I disagree, vehemently. “Anything is possible” is the very cornerstone of science. We may not know how it’s possible, but it always is.

The very cornerstone of science is that there are no nontrivial laws of physics which hold universally? It’s not possible for anyone to correctly hypothesize something like, say, “Momentum is always conserved” or “Two massive bodies always exert upon each other an attractive force proportional to their inverse squared distance” or such things? (Don’t bother telling me the particular examples I’ve chosen aren’t correct. The issue is whether even the very proposal of any physical law is an anti-scientific, automatically incorrect position).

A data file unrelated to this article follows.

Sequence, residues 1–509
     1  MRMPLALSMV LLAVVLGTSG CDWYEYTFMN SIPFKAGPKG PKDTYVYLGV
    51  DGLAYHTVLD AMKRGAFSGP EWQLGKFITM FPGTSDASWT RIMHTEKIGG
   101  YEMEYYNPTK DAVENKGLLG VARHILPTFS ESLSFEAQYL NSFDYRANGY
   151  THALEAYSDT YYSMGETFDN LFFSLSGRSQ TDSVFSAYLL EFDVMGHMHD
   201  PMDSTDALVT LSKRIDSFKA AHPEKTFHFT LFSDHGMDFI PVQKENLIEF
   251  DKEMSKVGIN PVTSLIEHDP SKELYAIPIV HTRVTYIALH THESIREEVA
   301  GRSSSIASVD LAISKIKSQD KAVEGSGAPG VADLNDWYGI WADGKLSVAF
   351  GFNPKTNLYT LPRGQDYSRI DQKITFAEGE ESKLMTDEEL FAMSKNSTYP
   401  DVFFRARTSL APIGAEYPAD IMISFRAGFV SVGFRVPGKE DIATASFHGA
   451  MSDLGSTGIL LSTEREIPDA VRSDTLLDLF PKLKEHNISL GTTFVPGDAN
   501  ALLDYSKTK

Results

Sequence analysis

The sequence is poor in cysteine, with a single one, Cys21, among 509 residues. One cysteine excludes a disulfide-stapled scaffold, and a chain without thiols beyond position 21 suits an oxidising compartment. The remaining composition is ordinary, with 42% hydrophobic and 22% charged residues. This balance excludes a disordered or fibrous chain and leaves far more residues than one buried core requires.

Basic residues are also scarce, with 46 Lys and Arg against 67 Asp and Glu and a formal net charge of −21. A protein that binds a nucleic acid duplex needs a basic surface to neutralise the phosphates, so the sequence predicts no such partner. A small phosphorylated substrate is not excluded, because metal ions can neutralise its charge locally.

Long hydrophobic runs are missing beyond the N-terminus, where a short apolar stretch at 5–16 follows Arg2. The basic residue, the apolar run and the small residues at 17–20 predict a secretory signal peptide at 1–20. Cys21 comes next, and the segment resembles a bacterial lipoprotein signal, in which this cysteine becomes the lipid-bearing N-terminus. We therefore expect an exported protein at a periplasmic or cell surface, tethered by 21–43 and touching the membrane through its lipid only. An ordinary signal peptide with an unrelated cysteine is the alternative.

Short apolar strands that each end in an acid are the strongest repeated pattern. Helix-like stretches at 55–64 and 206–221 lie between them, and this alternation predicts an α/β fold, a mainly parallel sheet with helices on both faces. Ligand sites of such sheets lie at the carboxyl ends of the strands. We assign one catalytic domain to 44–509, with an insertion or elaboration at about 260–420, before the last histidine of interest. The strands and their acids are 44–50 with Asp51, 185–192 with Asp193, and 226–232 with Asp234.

Hypothesize, and then keep your eyes open for the possibility you were wrong. That’s the cornerstone of science. Seek new knowledge and seek to purge errors from old understanding. Both are important. But that doesn’t mean “Never even tentatively suppose something is impossible”. Knowledge that the world works is a certain way is knowledge that the world doesn’t work any other way; knowledge that certain things happen is knowledge that other things don’t happen. To suppose certain laws hold is to suppose that other things are impossible.

Typo corrected in bold

Well, if time travel is possible, then FTL is trivial. Just travel to Tau Ceti at slower than light speed for 50 years, then travel back in time 50 years, and now you’ve arrived at Tau Ceti instantly. But why not arrive at Tau Ceti before you left? Then you can save yourself the trip.